Tab Utilities is a Firefox add-on that helps you to control the behavior of different links from different locations to the smallest detail. You can determine how tabs will open or close, where links from external applications open, change the appearance of various tab states, and determine what different mouse clicks on different types of links will do.
If this sounds like a lot of features, you’re right! And that was just a brief overview of everything you can do with Tab Utilities.
Accessing Tab Utilities Options
After installing Tab Utilities and restarting Firefox, you can access its options in two ways – by adding the icon to your toolbar or through the Add-ons Manager.
Adding The Tab Utilities Options Icon To The Firefox Toolbar:
- Right-click your Firefox toolbar and select Customize… from the menu;
- In the Customize Toolbar window, find the Tab Utilities Options icon, then drag and drop it to your toolbar;
- Click Done and access the Tab Utilities options via the respective icon in your toolbar.
Note that it makes sense to have the icon in your toolbar initially, as you will probably be playing with the options a lot, until you have found the perfect settings for you. Once you have completed the initial testing phase, I recommend removing the icon.
Accessing The Tab Utilities Options Via The Add-Ons Manager:
- Click the Firefox button in the top left and select Add-ons from the menu;
- A new tab with the Add-Ons Manager will open;
- Scroll down to find the Tab Utilities entry and click the Options button to configure the addon.
The most essential feature of this app is to control how links from various sources will open.
This add-on, however, has turned around the logic. Instead of setting the behavior of different links, you define which types of links will open in a new tab, where that tab should be located, and whether it should be focused. You can also determine what page will be loaded when you open a new tab.
Almost as important as opening tabs is closing them and what happens thereafter.
Tab Utilities provides an interesting solution for which tab to focus on after closing a tab that was previously in focus. You can either jump to a related tab, an unrelated tab, or an unread tab. You can also let the tab to the left or right come into focus, or simply the first tab, last tab, or last visited tab. You cannot change the order of these items, but you can uncheck the first and second if none of the available behaviors is desirable.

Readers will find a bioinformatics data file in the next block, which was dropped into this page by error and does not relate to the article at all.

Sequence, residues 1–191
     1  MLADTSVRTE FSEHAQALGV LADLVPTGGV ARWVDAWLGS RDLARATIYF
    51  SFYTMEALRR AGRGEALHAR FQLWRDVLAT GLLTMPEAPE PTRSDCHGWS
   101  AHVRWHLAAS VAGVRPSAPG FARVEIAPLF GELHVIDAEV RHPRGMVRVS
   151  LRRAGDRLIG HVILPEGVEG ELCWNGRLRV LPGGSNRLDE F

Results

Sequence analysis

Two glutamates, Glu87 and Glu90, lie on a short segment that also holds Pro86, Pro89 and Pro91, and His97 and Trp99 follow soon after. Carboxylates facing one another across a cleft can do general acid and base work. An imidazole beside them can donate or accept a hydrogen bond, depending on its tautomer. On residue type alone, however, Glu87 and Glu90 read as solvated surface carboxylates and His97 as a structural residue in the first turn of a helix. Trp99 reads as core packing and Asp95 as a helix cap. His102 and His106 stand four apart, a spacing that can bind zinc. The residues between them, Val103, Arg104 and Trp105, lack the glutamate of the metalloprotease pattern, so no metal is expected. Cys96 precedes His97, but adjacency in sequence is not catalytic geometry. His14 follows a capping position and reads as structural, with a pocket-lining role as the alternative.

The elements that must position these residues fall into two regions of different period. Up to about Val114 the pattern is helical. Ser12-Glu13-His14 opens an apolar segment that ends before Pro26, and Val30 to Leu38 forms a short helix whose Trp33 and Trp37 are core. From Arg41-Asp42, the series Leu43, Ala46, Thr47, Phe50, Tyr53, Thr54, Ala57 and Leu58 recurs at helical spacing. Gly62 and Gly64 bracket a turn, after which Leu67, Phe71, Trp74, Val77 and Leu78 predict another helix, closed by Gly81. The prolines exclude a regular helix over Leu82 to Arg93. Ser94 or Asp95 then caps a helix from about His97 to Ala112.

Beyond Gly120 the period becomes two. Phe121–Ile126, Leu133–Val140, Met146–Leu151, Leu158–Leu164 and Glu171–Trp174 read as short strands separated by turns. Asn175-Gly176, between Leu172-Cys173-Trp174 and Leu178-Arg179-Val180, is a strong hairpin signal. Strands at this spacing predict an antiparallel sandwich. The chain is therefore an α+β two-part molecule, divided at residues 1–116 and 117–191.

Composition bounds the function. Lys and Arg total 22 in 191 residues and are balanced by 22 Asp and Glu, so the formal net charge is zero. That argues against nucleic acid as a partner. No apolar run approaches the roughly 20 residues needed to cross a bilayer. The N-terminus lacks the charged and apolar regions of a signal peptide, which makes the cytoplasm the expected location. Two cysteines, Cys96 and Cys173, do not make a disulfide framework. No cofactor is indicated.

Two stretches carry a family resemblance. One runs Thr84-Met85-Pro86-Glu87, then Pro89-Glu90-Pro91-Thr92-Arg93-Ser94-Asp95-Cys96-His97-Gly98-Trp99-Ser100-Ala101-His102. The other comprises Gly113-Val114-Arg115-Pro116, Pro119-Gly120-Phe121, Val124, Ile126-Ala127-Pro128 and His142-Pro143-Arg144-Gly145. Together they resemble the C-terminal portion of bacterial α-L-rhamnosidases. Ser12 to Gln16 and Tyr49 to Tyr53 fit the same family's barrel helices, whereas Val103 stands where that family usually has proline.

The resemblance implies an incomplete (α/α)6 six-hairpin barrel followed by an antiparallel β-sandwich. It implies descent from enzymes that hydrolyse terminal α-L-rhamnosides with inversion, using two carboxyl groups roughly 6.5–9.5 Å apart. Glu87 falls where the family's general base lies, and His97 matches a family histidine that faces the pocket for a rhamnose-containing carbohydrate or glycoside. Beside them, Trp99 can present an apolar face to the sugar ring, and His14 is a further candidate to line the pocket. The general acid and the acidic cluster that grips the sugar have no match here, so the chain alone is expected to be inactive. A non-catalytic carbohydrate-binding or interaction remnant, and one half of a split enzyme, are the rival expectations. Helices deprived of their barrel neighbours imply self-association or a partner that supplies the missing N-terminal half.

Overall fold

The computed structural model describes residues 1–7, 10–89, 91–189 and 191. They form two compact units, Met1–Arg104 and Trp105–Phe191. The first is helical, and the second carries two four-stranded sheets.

In addition you can make unintentional blank tabs auto-close, change the number of restorable tabs (0 to 999), and enable keyboard shortcuts for navigating tabs.
The Links section provides a few basic features, see an overview in the screenshot below.
In my opinion it is lacking one key feature: being able to determine whether or not opening a link from an external application will bring the browser into focus. This is especially disappointing, since to my knowledge Firefox is the only major browser that has the ability to support this setting natively. If opening external links in the background is a feature you are looking for, have a look at this article: How To Make Links Open In The Background With Firefox & Chrome
In the Mouse section you can control some highly advanced settings for various mouse-only clicks or clicks together with keys, such as [CTRL] or [SHIFT].
Finally, under Appearance you can change the look of the tab bar, individual tabs, tab right-click menus, and status bar buttons. The options are plentiful and intuitive.
Since the available options are so complex, you can export settings to back them up and import settings to restore your preferences. The respective button can be found in the bottom left of the Tab Utilities Options window.
Also note that Tab Utilities comes with status bar buttons that are located in the bottom right of your browser. You can use these buttons to temporarily force all links to be opened in a new tab, in the background, or in the foreground.
Taken together, Tab Utilities offers a comprehensive list of options to control the behavior of links and tabs in almost any imaginable situation. It’s a must-have for people who go through a great number of websites every day and desire different behaviors for links opened from different sources.
Does Tab Utilities satisfy your needs in regards to controlling tab and link behaviors?
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